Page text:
Decision-making and environmental risks
7.5 credits cr.
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This is an interdisciplinary course on the theories and practices of environmental risk management decision-making.
It covers aspects of philosophy (ethics and decision theory), political science (decisions and policy development by organizations) and the natural sciences (science and risk management of climate change, air pollution, hazardous chemicals, and water management).
The course is developed with the aim to attract students with different backgrounds to further promote interdisciplinary interactions and learning.
In the first part of the course, environmental ethics is introduced, including an overview of how different values can be identified and incorporated into decision making on environmental risks. For example, how do we incorporate aspects of sustainability and the needs of future generations in today´s decisions?
The second part turns to decision theory and philosophy of science. It asks how values and facts should be combined in order to make rational decisions, and examines the role of science in providing objective risk assessments. This part also discusses how lack of information and other types of uncertainties can be managed.
This then follows by the perspective from political science and decision-making and policy development by organizations. Covering aspects like “group-thinking” and risk-benefit assessments.
The theoretical parts are complemented by lectures relating to the practices of science and risk management within four different environmental areas: climate change, air pollution and health, hazardous chemicals, and water management. For each environmental area a general background to the problem is provided and how science is generated to inform decisions. The strengths and weaknesses of different scientific methods and the nature and management of remaining uncertainties are discussed. This part also exemplifies actual decision processes and thereby relate the theories to actual practices.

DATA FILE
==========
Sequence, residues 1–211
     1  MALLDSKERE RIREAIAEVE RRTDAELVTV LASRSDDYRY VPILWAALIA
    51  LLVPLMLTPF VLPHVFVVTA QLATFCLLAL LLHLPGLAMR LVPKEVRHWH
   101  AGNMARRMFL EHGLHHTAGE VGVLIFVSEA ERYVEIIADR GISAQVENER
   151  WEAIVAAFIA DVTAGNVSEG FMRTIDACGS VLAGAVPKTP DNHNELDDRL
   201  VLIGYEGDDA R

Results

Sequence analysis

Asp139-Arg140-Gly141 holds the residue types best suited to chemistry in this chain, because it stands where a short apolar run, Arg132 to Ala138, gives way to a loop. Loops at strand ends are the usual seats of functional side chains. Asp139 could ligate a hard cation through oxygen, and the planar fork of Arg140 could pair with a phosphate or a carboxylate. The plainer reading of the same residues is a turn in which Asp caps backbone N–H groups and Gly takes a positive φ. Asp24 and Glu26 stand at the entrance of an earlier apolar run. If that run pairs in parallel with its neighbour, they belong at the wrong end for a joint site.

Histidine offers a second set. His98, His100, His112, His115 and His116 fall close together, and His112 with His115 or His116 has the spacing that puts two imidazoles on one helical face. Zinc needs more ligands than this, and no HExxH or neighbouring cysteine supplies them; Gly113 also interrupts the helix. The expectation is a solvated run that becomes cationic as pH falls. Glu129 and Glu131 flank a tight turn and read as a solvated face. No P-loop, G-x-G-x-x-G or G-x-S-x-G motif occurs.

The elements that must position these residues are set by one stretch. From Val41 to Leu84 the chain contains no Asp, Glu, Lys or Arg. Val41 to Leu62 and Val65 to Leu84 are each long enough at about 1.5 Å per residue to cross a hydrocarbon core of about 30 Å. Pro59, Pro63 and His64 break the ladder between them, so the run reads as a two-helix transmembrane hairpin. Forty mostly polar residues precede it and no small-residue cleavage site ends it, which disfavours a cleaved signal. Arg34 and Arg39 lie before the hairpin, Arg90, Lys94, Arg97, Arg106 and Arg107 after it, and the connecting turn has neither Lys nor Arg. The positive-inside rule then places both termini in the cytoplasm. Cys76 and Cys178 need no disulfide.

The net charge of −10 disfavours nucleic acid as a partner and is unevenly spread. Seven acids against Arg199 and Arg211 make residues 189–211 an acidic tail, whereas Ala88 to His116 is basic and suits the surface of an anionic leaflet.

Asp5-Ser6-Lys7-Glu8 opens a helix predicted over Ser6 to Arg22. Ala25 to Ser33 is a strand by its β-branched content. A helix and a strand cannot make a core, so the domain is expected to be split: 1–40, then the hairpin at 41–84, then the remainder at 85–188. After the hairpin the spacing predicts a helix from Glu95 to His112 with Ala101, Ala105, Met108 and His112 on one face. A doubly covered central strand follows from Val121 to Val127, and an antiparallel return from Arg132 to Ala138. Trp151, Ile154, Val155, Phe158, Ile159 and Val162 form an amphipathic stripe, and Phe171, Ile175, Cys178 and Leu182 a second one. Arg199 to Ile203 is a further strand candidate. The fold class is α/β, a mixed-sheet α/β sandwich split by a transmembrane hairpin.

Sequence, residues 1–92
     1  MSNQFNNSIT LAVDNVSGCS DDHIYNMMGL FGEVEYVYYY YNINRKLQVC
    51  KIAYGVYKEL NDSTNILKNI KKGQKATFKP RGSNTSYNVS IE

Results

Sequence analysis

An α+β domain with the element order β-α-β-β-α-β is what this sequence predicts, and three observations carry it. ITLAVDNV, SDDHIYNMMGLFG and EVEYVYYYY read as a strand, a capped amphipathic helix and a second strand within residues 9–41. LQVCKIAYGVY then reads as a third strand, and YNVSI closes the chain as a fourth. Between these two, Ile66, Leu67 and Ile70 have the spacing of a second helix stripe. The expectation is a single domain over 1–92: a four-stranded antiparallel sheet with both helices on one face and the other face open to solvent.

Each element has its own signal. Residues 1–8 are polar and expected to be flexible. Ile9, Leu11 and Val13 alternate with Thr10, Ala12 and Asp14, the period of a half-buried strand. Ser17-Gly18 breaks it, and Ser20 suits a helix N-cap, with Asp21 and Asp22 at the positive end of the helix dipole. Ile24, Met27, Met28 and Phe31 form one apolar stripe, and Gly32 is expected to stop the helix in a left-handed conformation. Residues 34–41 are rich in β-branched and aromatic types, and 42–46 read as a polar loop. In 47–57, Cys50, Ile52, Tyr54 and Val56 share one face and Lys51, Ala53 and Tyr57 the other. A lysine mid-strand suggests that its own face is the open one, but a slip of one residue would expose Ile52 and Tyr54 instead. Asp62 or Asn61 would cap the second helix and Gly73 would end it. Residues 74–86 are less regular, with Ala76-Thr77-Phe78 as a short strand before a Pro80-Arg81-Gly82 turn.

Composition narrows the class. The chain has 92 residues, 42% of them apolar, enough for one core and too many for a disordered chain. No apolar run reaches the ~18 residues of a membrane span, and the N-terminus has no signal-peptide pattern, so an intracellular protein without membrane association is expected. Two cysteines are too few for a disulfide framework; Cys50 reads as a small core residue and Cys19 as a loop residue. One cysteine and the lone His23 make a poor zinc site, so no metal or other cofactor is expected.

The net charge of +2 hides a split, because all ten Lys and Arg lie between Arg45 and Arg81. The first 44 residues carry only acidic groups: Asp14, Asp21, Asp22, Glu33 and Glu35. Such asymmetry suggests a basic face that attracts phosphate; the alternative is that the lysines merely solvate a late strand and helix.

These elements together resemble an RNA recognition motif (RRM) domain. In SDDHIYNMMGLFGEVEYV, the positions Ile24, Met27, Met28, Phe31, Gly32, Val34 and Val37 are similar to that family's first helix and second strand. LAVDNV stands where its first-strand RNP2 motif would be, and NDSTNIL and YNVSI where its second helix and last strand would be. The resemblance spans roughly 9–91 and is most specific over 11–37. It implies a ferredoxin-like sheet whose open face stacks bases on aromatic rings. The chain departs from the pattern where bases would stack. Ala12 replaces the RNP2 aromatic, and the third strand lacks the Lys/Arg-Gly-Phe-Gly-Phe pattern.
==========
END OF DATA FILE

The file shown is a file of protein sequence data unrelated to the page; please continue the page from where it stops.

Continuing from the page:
The course is examined by a project work, in which the student identifies a relevant decision-maker and perform a semi-structured interview with that person. The purpose of this is to investigate how the decision theories are applied in practice and reflect on if and how actual decision-processes can be improved. The interviews are presented and discussed with the teachers and other students.
Cheating and plagiarism
Cheating of every kind is wholly unacceptable and Stockholm University takes this matter extremely seriously.
By cheating is meant, for example, that students cooperate in an unauthorized way, use unauthorized resources or otherwise try to cheat in the examination. To use another person’s expressions or ideas without stating the source is plagiarism. To translate and/or change some words in someone else’s text and present it as your own is also a form of plagiarism. Plagiarism is considered cheating and if discovered in an exam or paper, the exam or paper will be failed immediately and disciplinary measures may be taken.
Any student who is caught cheating or disrupting academic activities may be suspended from lectures and exams for a period of up to six months. The Vice Chancellor or the Disciplinary Council decide whether the student is to be subject to any disciplinary measures.
Read more about the rules and regulations here:
Guidelines for Disciplinary Matters at Stockholm University
Your rights and responsibilities as a student
Regulations for written seated examination
Christina Rudén, Christina.Ruden@aces.su.se
Department of Environmental Science, unit of Exposure & Effects
ScheduleThe schedule will be available no later than one month before the start of the course. We do not recommend print-outs as changes can occur. At the start of the course, your department will advise where you can find your schedule during the course.